Portraits in Color

Stop the Asian Hate

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The recent mass shooting in Atlanta remind us of the deep divides that exist in our country. Naturally, given what we know about the case, we have to ask the question: “were the shootings racially motivated.” Dr. Frank explores this question and gives insight to why we can’t ignore the history of racism against Asian Americans in this country, the hateful speech that flowed as a result of the coronavirus, and the racist tropes of Asian women in particular.

This episode also sheds light on the inhumane treatment of children in detention facilities along the border as a result of failed U.S. immigration policy. Dr. Frank makes the case for comprehensive immigration reform and holds policy makers on both sides of the aisle to account for our nation’s failed immigration policy.

BONUS: At the end of this podcast, Dr. Frank shares an unreleased music track titled “The Border,” which was written, produced, and performed by Frank “Kiko” Mirabal.

The Border Credits:
Written, produced and performed by Frank “Kiko” Mirabal
Drums, Keyboards, Bass & Vocals: Frank “Kiko” Mirabal
Additional Vocals: Jak Bailey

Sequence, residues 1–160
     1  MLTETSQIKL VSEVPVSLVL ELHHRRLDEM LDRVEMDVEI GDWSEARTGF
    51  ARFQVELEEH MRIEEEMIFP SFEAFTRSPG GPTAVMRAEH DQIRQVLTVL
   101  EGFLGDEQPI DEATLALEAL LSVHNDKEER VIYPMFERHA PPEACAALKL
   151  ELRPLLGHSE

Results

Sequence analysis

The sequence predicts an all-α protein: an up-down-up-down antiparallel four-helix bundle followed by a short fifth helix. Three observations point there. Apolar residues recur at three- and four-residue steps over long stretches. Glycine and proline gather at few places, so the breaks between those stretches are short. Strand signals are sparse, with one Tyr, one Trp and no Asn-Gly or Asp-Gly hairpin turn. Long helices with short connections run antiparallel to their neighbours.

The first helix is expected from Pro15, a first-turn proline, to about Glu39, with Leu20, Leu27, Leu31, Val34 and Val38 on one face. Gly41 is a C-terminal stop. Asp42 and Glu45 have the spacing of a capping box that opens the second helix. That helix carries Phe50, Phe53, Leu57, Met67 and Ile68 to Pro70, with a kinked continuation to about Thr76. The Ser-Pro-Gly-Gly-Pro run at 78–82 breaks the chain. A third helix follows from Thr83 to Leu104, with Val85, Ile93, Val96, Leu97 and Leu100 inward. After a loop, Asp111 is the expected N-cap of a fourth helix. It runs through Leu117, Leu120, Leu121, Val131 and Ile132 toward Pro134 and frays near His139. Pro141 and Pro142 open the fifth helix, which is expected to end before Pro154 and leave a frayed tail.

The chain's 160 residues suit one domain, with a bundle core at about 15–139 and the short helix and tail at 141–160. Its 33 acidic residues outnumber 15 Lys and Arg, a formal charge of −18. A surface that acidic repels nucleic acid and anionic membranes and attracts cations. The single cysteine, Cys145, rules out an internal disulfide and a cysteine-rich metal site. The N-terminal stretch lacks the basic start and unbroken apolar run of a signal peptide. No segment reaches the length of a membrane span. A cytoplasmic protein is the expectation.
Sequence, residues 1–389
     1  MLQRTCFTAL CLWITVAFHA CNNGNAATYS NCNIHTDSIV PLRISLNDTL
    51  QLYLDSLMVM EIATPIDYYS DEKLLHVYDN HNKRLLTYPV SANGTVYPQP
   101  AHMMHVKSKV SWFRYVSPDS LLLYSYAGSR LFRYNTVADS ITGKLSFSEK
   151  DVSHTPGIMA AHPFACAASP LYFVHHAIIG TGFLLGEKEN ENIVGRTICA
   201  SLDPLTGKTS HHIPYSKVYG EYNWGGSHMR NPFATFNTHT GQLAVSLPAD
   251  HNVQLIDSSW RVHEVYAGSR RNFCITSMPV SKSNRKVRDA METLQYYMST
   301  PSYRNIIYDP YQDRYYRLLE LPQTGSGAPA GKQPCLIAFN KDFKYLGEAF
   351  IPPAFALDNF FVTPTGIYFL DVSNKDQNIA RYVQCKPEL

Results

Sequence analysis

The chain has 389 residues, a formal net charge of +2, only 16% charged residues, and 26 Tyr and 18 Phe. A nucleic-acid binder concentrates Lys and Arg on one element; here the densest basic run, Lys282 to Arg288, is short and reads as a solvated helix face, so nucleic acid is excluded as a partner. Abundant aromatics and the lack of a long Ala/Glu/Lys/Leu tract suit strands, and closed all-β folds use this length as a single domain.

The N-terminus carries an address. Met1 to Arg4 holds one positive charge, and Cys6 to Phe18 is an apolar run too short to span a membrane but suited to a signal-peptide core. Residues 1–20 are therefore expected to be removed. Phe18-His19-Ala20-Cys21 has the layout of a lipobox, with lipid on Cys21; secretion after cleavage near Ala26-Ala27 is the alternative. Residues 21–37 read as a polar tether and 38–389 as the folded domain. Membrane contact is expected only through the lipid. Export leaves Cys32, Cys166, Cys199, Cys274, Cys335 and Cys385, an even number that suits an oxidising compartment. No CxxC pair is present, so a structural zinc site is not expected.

Guitar Solo: Exavier “Mr. Ex” Viramontez
Spoken Word: Analisse Mirabal

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I’m Fed Up! Black Lives Matter, Silent Protests, and the Work Ahead for Racial Justice

Some would say that the last two weeks have awakened the masses to the injustices Black Americans have been facing for centuries. The peaceful protests combined with the anger, rage, and frustration of the Black community is sparking a civil and human rights revolution unlike anything we have seen in recent decades.

While the Black Lives Matter movement has grown internationally, decisions on policing, prosecution, and sentencing happen at the local level. Communities have the power to shape the narrative when it comes to racial justice through local activism and intentional actionism.

Charles Ashley III, an Albuquerque-based entrepreneur and host of the podcast Ashy to Ashley, joins the show to talk about Black Lives Matter, the responsibility of community leaders to stand-up and demand change, silent protests that he and fellow business leader Michael Silva are organizing throughout Albuquerque, and the ongoing work ahead to ensure that the Black community is seen, heard, and most importantly, respected.